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Mike Anderson, Deseret News
State leaders from Utah and Idaho are training this week on how to handle major biological disasters in livestock. In Wellsville, Cache County, Wednesday, Aug. 1, 2012.

WELLSVILLE, Cache County — A simple cow disease could cause big problems for the whole country.

That’s why veterinarians and public safety responders from Utah and Idaho are training this week on how to handle major biological disasters focused not on people, but on livestock.

They want to quickly identify a foreign animal disease and contain it with the goal of preventing it from spreading to other livestock and entering the food system.

In a simulated exercise, Utah’s chief veterinarian Bruce King and other veterinarians have been testing cows for foot and mouth disease by taking samples from animals that could be infected. The disease is highly infectious. Any infected animals would have to be destroyed. Lucky, there hasn't been a case of the disease in the U.S. since 1929.

King organized a three-day drill to make sure first-responders along the Utah-Idaho border will be ready. Idaho state police were also checking for livestock crossing their border Wednesday. During an agricultural disaster, traffic could even become closed off at state and county lines.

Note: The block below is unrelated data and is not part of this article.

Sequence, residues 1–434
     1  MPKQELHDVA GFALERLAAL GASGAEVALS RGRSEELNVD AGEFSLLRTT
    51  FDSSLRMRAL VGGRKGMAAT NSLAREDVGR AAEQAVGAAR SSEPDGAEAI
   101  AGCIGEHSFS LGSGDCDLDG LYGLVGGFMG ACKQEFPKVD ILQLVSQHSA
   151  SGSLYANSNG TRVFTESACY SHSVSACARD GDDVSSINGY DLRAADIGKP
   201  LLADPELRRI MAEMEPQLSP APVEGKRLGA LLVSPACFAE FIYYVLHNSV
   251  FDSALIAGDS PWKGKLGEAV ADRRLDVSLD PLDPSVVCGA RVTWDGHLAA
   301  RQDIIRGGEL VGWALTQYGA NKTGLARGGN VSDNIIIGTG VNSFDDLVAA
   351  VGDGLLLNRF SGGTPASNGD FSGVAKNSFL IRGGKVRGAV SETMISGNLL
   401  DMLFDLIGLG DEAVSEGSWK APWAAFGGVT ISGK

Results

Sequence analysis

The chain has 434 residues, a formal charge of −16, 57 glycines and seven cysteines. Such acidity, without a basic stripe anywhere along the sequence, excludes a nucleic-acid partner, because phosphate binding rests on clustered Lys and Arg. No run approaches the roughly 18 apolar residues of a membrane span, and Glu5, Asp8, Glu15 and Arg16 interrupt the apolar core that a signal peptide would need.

"It's not just a disaster for agriculture," King said. "We'd have to shut down the whole valley.”

While rare, King said disasters like this do happen. Containing the disease quickly would be crucial. Foot and mouth disease struck livestock in England back in 2001. About 6 million animals had to be euthanized during that outbreak.

Foreign animal diseases, such as mad cow and foot and mouth disease, could damage consumer confidence in the U.S. food supply and lead to costly trade embargoes by foreign countries.

"In meeting with these guys," said Cache County Sheriff G. Lynn Nelson. "It's been obvious that the potential can be horrific and widespread."